Abstract

The 8-km-thick, Keweenawan metabasaltic, North Shore Volcanic Group in Minnesota shows a continuous zeolite to greenschist facies progression through five zonal divisions. Mafic phyllosilicates are ubiquitous and a well-developed smectite-corrensite-chlorite transition is observed. This sequence provides an excellent framework in which the influence of regional (thermal) as opposed to local scale (lithology: porosity and permeability) factors on this transition, factors that are actively debated, can be comprehensively documented.

On a regional scale, at lowest grades (zones 1 and 2; thomsonite-scolecite and heulandite-stilbite assemblages, respectively), tri-smectitic phyllosilicates dominate and, with increase in grade to zone 3 (laumontite-albite), there is a marked step and compositional gap to corrensite. With further increase in grade to zones 4 (laumontite-albite ± prehnite ± pumpellyite) and 5 (epidote-albite-actinolite), chlorite becomes dominant. Although a spread in the X-ray diffraction and microprobe data suggests that the corrensite to chlorite transition is continuous rather than stepwise, analytically distinct corrensite and chlorite in one flow suggest a clear compositional gap between these two phases. Overall, the data offer some support for a discontinuous smectite-corrensite-chlorite transition.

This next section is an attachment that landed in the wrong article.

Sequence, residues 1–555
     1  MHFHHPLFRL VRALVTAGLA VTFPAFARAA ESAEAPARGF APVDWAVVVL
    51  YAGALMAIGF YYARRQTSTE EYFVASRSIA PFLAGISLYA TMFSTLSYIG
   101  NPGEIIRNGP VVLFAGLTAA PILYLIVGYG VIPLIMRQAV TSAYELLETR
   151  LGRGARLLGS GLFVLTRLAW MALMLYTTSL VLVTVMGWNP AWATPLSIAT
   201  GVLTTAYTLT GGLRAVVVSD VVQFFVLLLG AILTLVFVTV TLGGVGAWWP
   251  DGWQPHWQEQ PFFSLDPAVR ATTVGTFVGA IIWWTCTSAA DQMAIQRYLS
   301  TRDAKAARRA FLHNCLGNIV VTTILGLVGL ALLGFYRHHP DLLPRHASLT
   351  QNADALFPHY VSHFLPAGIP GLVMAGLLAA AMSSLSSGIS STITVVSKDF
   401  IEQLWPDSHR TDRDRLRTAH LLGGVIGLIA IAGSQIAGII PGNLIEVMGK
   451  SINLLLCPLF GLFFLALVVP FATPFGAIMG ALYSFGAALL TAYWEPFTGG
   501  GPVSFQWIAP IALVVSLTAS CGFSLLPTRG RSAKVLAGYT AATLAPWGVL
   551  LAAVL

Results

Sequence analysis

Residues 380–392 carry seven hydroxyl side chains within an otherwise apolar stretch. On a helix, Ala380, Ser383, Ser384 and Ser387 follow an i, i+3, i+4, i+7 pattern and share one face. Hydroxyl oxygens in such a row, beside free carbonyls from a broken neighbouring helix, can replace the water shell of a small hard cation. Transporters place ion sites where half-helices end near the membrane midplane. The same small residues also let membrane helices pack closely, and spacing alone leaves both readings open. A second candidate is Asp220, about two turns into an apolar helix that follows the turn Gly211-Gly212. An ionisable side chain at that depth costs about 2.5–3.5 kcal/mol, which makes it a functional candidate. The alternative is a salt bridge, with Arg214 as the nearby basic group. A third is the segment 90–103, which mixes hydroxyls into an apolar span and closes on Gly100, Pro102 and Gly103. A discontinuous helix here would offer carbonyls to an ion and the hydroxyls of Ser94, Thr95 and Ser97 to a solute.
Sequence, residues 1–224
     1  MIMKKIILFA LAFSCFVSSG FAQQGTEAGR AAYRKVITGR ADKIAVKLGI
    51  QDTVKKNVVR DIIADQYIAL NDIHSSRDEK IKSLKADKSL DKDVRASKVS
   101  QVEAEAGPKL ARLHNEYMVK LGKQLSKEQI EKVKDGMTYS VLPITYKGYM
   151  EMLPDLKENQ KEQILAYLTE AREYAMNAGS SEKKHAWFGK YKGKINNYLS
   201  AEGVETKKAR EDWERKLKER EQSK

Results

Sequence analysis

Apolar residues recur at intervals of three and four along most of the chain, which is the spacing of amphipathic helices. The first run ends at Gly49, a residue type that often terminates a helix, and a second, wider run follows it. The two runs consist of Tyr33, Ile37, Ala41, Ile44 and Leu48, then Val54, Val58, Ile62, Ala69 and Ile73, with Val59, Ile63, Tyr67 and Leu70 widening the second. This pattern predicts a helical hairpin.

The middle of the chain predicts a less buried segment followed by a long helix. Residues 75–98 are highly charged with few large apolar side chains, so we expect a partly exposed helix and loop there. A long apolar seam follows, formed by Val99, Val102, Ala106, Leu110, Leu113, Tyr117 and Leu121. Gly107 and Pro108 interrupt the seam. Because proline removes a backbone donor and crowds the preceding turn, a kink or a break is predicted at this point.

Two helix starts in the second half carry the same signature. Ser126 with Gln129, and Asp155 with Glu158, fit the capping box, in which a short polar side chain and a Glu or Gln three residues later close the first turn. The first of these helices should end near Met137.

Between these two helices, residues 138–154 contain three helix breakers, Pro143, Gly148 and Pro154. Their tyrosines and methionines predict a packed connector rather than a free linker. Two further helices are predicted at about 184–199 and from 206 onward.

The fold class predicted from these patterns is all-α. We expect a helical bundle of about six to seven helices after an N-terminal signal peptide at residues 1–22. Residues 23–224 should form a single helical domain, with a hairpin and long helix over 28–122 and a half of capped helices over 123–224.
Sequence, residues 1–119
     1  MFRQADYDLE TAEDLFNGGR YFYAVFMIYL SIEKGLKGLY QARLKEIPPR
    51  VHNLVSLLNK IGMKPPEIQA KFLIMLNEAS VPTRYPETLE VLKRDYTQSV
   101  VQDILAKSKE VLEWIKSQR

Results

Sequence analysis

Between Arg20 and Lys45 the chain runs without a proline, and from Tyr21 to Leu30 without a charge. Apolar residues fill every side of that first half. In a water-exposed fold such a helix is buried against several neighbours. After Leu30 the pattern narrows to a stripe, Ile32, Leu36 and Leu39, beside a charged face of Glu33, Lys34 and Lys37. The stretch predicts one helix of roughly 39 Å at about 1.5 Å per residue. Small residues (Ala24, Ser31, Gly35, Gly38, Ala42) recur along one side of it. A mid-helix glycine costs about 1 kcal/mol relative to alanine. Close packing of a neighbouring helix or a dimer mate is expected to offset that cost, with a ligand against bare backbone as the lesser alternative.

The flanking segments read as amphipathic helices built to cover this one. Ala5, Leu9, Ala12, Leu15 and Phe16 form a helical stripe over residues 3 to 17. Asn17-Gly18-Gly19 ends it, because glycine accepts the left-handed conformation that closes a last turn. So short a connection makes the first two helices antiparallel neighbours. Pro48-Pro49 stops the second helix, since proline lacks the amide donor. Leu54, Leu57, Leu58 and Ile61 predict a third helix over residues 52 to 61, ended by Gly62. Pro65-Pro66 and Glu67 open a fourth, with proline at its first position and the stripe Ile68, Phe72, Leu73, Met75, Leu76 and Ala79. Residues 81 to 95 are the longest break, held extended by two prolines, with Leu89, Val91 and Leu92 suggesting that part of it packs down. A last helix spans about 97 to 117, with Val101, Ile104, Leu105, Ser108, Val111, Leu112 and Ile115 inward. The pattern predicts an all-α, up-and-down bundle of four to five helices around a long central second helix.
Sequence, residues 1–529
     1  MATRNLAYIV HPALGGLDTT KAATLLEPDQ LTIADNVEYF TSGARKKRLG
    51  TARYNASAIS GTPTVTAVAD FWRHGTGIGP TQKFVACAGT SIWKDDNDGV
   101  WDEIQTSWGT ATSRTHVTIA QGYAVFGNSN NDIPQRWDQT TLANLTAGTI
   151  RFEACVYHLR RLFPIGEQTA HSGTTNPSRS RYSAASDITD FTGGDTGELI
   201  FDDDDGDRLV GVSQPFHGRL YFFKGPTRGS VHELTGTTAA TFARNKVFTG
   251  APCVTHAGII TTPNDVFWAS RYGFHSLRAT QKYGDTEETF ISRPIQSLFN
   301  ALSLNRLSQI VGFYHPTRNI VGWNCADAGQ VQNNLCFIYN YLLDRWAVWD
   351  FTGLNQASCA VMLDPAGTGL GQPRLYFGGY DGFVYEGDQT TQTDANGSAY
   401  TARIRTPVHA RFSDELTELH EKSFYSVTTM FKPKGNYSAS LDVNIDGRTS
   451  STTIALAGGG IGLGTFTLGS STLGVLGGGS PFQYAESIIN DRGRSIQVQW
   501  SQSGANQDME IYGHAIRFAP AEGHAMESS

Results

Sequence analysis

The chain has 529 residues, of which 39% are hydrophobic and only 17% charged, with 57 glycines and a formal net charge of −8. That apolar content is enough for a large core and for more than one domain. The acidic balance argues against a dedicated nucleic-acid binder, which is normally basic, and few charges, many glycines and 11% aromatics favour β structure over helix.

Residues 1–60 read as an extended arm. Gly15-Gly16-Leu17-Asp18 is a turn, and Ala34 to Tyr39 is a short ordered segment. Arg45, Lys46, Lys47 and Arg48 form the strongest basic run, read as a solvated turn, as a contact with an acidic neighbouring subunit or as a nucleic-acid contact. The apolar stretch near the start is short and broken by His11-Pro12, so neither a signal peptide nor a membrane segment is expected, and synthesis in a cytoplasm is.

Above the lowest grade (zones 1 and 2; approximately 150°C), the phyllosilicates vary on a local, within-flow scale related to morphological contrasts in flow lithology. Smectite is dominant in the massive flow units (low porosity and permeability), whereas corrensite or chlorite is dominant in the amygdaloidal flow tops (high porosity and permeability). These changes provide clear indication that, once above a threshold of approximately 150 °C, fluid/rock ratios have a strong control on the metamorphic process at low grade. Similarities in XMgO between smectite, corrensite, chlorite, and XMgO of the whole rock show that even though smectite is a relict phase remaining in massive zones, it continues to undergo crystal chemical change with increasing grade. However, contrasts between AlIV in the same minerals are provisional indicators that other factors, perhaps related to kinetic features linked to advective and diffusive modes of fluid transport, may be involved.

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